Mediastinal veins-- Thrombo-occlusive disease of the thoracic veins accounts for significant morbidity in patients with in-dwelling catheters, coagulopathies, and underlying malignancies. The veins can be imaged without contrast using 2D and 3D TOF methods, which are limited by long acquisition times and associated artifacts. 26 Better images are obtained by using intravenous gadolinium either directly with first-pass imaging after injection into the affected extremity 27 or indirectly after injection into the antecubital vein of the nonaffected extremity and imaging during equilib-rium. 28 The latter method requires larger quantities of contrast but overcomes the difficulty of injecting into a swollen extremity. MR venography has been found to be extremely sensitive and specific for the evaluation of central thoracic veins with the advantage of imaging a larger field-of-view for a more comprehensive overview of the veins. 10,28

Pulmonary vasculature

Pulmonary hypertension is characterized by increased pulmonary artery pressure, which may be idiopathic or secondary to congenital heart disease, coagulopathies, COPD, and so forth. It has been noted that patients with severe pulmonary hypertension who are imaged with axial dual spin-echo MRI with cardiac gating have increased signal in the pulmonary arteries, and the signal in the right pulmonary artery correlates directly with vascular resistance. 29 Dilated central pulmonary arteries with attenuated peripheral vessels and loss of the normal systolic-diastolic distension and collapse of the right pulmonary artery are also seen on MRI. 29

MRA is excellent for evaluating structural vascular abnormalities. Contrast-enhanced MRA has been used to image vasculitides, such as Takayasu's arteritis and Behçet's disease, that are characterized by pulmonary arterial aneurysms and vascular malformations that may affect the pulmonary arteries. If thrombosed, these malformations may be missed at conventional angiography. 30 Pulmonary arteriovenous malformations in conditions, such as hereditary hemorrhagic telangiectasia, are also seen using gadolinium-enhanced MRA. They are poorly seen on spin-echo images due to flow-related signal void, but are clearly seen on breath-hold cine gradient-echo images (Figure 11). 1,30 MR has also been useful in characterizing rare pulmonary arterial diseases, such as sarcoma and dissection. 30 Congenital conditions, such as total and partial anomalous pulmonary venous connection are seen in 96% to 100% of the time on MRA. 30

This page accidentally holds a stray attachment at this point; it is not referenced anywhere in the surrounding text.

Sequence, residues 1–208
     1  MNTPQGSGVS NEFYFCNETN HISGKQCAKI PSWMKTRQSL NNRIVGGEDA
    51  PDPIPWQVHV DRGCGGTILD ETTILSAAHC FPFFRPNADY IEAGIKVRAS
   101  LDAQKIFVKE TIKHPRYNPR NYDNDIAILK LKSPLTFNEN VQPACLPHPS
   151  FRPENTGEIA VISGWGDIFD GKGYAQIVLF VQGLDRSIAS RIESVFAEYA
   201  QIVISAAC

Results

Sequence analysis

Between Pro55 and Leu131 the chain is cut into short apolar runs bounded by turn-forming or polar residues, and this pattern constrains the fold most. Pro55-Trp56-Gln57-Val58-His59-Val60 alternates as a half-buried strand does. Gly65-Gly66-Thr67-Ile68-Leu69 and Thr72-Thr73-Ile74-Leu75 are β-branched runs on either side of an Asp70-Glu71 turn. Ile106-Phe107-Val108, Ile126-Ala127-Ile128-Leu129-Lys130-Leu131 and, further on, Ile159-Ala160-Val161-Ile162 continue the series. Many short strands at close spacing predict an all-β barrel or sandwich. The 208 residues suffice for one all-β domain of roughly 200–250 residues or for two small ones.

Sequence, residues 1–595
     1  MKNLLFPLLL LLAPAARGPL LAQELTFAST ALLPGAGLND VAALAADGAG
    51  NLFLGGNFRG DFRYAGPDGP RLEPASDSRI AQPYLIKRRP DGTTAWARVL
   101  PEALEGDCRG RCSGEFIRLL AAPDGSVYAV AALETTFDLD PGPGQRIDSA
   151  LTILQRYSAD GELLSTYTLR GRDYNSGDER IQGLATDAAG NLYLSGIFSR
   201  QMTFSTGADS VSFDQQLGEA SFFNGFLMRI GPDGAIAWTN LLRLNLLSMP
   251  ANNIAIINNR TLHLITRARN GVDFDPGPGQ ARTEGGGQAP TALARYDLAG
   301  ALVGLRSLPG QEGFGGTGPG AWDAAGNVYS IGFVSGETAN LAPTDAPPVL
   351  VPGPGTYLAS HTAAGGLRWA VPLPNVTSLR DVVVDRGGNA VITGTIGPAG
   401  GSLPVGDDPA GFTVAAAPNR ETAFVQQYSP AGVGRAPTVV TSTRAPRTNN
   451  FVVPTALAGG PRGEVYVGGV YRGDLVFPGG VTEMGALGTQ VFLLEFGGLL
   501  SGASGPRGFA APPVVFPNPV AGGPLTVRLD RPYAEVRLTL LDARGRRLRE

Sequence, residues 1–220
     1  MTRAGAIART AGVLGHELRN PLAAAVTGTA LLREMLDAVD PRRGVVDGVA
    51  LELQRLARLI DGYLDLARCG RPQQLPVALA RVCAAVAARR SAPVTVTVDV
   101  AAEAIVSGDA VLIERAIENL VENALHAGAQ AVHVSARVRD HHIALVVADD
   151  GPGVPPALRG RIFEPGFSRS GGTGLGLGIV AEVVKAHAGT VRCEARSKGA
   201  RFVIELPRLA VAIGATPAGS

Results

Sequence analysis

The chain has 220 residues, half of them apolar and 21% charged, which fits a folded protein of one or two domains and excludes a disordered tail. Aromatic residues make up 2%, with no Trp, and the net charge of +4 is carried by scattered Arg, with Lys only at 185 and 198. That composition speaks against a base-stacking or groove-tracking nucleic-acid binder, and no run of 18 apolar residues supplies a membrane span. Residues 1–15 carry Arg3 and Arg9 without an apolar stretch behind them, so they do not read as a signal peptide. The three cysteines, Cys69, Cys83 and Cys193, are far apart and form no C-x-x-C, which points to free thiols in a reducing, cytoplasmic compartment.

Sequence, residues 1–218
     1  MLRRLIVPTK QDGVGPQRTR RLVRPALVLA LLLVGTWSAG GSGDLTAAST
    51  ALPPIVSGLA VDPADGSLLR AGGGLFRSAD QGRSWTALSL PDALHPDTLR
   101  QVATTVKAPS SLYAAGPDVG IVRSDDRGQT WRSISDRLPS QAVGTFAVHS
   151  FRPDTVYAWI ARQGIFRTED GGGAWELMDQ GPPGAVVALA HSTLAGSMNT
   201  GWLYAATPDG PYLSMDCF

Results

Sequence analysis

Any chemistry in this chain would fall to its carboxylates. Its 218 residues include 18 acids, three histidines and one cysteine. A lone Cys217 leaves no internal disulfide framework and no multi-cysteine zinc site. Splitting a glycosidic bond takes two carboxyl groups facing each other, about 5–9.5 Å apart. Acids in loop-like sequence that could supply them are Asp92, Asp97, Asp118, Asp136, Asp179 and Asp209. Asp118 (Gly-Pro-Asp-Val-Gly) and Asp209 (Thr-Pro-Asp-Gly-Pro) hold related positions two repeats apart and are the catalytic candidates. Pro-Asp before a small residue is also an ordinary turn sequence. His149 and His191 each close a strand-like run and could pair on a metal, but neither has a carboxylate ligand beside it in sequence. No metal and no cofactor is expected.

Pulmonary embolism

Pulmonary embolism remains an underdiagnosed and potentially fatal disease that accounts for approximately 50,000 deaths per year. 31 Multiple imaging methods, including ventilation perfusion scintigraphy, CT pulmonary angiography, and conventional pulmonary angiography, have been used to diagnose this, each with known limitations. MRI provides the advantage of imaging pulmonary emboli without ionizing radiation and providing ventilatory information. 23,32 Initial studies with spin-echo MRI showed thrombi as low or intermediate signal areas, which are mimicked by slow-flow states. Gradient-echo imaging techniques are more sensitive to flow and have fewer slow-flow artifacts. Three-dimensional gadolini-um-enhanced pulmonary MRA with perfusion imaging is most sensitive, and detailed pulmonary vascular anatomy, including subsegmental vessels and perfusion patterns, can be seen (Figure 12). 32 Ventilation imaging with 100% oxygen and perfusion imaging with ASL have been used as a noninvasive approach to ventilation-perfusion imaging (Figure 8). 22,23

Ventilation imaging

Static imaging

Excellent resolution of the pulmonary air spaces is now possible with the use of single breath-hold hyperpolarized gas MRI. These images are representative of the ventilation pattern in the lungs of healthy subjects imaged when positioned supine; there is preferential ventilation posteriorly with scattered ventilation defects (>2 cm diameter) from dependent atelectasis (Figure 5). 15